Chappell Hill Female College

Chappell Hill Female College was a private college in Chappell Hill, a rural community in Washington County, Texas, United States. It was founded in 1850 as part of the coeducational school Chappell Hill Male and Female Institute. First chartered by the Texas Legislature in 1852 as a non-denominational preparatory school, the charter was amended to affiliate the school with the Methodist Church in 1854, and was rechartered as a women's college after the male department was spun off as Soule University in 1856. It was closed in 1912 and the building became a public school until a replacement was built in 1927 that preserves the college's bell. The site was added to the National Register of Historic Places in 1985.

Chappell Hill Female College
Location, ,
United States

History edit

The college was founded in 1850 with five teachers and 100 students[1] as Chappell Hill Institute, a boarding school; the land was donated by Jacob and Mary Haller. It was chartered by the Texas Legislature on February 9, 1852 as Chappell Hill Male and Female Institute. A second building was added that year to separate the sexes. In fall 1852 it became Chappell Hill College and P. S. Ruter, who had taught at Transylvania University, became president. His sister Charlotte was head of the music department, and Elizabeth Knox headed the female division.[2][3] Tuition for a session of five months was advertised as ranging from $8 for "reading and spelling" to $20 for "Natural Philosophy, Chemistry, Astronomy, Physiology, Algebra, Geometry, Latin, Greek, or the higher branches of Mathematics" and $25 for music or piano "with use of instrument".[2]

In 1854 the college had 100 students, and was acquired by the Methodist Church as a replacement for Rutersville College. The male division became Soule University,[4] and the female division was rechartered on August 29, 1856, as Chappell Hill Female College.[3] Fires required replacing the building at least once, and the college was badly affected by the Civil War and by yellow fever epidemics, but it had paid off its debts by 1873. In 1878 the president was Epaminondas Dunn Pitts.[5] In 1880–1881 the president was I. M. Onins, a Civil War veteran.[6] A dormitory and a music hall were added in the 1880s, and the college played a prominent role in the culture of the area, particularly after Soule University closed in 1887;[3] the college's monthly literary magazine, the Philomathean, was active in raising money in the mid-1880s to establish a home for Confederate veterans.[6]

Enrollment had risen to 112 by 1885, but fell by half in the following ten years: the college took in 70 public school students, 50 of them boys, to raise money. The Methodist Texas Conference provided support, and the college was given the Soule University property to reduce its debt, but public schools in Texas were improving, women's colleges were less popular, and yellow fever continued to be a problem in the area. The curriculum was revised in 1900 to conform to the Methodist Church General Board of Education;[3] a study published in January 1912 assessed the college as offering primarily secondary-school level courses.[7] It was closed in 1912, at which time enrollment was 112. The building was used as a public school until 1926, when it was replaced by the building that now houses the museum of the Chappell Hill Historical Society. The college bell has been preserved there.[3]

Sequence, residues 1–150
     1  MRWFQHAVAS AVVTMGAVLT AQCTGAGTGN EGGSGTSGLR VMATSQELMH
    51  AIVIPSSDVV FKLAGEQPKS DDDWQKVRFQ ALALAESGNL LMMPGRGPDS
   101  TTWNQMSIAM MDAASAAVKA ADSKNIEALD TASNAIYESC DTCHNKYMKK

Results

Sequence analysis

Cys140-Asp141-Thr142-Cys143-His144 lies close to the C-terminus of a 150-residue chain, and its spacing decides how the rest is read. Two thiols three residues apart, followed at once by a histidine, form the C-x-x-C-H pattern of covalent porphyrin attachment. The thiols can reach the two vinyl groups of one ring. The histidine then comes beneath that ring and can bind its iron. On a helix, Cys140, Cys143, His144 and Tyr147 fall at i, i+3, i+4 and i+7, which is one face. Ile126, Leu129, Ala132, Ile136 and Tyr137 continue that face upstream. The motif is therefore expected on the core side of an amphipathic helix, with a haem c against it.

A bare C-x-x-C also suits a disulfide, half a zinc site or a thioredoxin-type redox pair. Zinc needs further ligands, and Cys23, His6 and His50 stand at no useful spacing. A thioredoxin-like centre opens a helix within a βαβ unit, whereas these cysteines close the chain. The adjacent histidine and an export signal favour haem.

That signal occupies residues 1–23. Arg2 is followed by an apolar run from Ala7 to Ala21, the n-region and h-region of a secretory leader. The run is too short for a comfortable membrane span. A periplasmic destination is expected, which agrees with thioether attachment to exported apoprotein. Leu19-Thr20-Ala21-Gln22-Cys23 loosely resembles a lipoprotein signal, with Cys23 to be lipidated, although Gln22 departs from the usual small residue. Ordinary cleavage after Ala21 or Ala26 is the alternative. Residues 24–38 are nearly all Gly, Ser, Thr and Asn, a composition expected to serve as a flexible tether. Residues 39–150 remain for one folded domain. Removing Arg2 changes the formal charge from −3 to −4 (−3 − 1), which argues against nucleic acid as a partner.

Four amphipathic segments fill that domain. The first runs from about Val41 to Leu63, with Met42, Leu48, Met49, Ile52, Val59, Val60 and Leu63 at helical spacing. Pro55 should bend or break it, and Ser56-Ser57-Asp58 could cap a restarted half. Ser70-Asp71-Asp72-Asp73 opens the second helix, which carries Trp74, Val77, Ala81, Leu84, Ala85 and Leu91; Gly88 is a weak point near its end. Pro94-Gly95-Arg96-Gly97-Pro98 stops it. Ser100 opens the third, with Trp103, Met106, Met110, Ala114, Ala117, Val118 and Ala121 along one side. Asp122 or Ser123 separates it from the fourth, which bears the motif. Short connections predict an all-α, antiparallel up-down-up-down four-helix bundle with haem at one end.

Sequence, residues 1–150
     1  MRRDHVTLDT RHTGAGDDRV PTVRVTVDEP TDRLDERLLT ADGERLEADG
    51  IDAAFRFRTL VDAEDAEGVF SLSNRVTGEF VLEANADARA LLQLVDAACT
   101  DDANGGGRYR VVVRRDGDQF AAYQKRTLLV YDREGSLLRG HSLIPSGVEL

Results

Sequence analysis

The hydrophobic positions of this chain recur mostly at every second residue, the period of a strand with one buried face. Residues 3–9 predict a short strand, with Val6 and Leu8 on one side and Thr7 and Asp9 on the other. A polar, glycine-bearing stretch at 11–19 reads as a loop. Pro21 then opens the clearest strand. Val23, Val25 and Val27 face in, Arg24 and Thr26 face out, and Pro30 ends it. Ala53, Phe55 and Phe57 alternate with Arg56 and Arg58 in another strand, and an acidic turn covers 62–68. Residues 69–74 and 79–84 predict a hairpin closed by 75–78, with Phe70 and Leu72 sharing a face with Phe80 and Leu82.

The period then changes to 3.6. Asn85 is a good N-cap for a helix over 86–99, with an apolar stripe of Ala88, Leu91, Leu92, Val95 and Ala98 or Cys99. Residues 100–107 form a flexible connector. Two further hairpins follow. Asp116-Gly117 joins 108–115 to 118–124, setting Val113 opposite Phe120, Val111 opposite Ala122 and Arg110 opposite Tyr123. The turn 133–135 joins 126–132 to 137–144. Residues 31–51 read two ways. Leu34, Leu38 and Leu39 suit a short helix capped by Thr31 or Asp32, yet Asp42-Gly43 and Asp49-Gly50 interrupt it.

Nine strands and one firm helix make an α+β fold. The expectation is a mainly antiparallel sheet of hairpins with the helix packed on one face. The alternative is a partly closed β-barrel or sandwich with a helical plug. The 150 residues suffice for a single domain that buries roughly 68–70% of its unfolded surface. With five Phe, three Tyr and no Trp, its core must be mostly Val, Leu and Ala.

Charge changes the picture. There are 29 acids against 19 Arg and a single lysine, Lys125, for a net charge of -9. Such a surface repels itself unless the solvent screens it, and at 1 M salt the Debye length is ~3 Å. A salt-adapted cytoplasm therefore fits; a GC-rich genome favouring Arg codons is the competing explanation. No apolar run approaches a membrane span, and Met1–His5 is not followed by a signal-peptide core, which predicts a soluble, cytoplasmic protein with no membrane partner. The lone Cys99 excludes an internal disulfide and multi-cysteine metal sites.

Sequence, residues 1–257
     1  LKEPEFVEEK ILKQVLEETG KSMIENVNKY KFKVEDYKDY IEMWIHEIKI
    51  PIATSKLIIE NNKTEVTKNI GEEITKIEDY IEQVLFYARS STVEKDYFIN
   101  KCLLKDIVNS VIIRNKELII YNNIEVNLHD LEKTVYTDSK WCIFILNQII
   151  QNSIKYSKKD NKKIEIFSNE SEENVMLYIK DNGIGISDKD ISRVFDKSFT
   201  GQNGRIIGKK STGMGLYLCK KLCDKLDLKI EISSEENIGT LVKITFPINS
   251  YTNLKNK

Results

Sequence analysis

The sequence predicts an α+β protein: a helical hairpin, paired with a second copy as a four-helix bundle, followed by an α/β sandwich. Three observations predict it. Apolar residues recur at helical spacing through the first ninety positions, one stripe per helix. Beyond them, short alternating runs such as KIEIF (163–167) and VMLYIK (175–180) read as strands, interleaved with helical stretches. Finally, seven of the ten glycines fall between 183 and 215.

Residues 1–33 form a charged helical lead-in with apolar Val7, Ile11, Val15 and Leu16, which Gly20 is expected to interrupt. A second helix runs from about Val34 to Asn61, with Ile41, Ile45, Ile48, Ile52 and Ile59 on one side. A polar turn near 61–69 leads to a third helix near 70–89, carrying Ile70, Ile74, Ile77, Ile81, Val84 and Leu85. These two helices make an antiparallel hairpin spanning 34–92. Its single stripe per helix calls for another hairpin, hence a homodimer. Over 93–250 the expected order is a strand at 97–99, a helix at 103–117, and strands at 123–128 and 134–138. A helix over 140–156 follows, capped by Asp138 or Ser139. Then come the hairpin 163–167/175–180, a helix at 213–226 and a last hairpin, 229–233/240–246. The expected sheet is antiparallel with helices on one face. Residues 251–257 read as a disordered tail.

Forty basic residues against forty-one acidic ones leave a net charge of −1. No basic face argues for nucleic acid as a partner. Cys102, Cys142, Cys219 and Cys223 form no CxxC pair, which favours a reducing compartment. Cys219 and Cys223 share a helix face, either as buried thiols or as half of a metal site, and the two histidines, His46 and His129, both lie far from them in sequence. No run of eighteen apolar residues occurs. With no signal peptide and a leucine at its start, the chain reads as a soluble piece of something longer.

Notable people edit

See also edit

References edit

  1. ^ Macum Phelan, A History of Early Methodism in Texas, 1817–1866, Nashville, Tennessee: Richmond Cokesbury, 1924, OCLC 2479612, p. 331 (online at
  2. ^ a b Phelan, p. 358.
  3. ^ a b c d e Carole E. Christian, "Chappell Hill Female College", Handbook of Texas online, June 12, 2010, retrieved March 4, 2017.
  4. ^ Phelan, p. 404.
  5. ^ "Chappell Hill Female College", Cyclopædia of Methodism, ed. Matthew Simpson, Philadelphia: Everts & Stewart, 1878, OCLC 317671080, p. 197.
  6. ^ a b Stephen Chicoine, The Confederates of Chappell Hill, Texas: Prosperity, Civil War and Decline, Jefferson, North Carolina / London: McFarland, 2005, repr. 2011, ISBN 9780786464180, p. 194.
  7. ^ Elizabeth A[very] Coulton, "Southern Colleges for Women", The North Carolina High School Bulletin 3.1 (January 1912) 3–19, p. 14; revised as "Standards of Southern Colleges for Women", The School Review 20.7 (September 1912) 458–75, p. 472 (misspelled as "Chapel Hill").
  8. ^ Don Blevins, "Lizzie Johnson Williams: Educator, Trail Boss, Rancher, Miser", in A Priest, A Prostitute, and Some Other Early Texans: The Lives Of Fourteen Lone Star State Pioneers, Rowman & Littlefield, 2008; Guilford, Connecticut / Helena, Montana: Lone Star, 2016, ISBN 978-1-4930-2614-2, pp. 76–86, p. 80.

Further reading edit

30°08′27″N 96°15′11″W / 30.140852°N 96.253014°W / 30.140852; -96.253014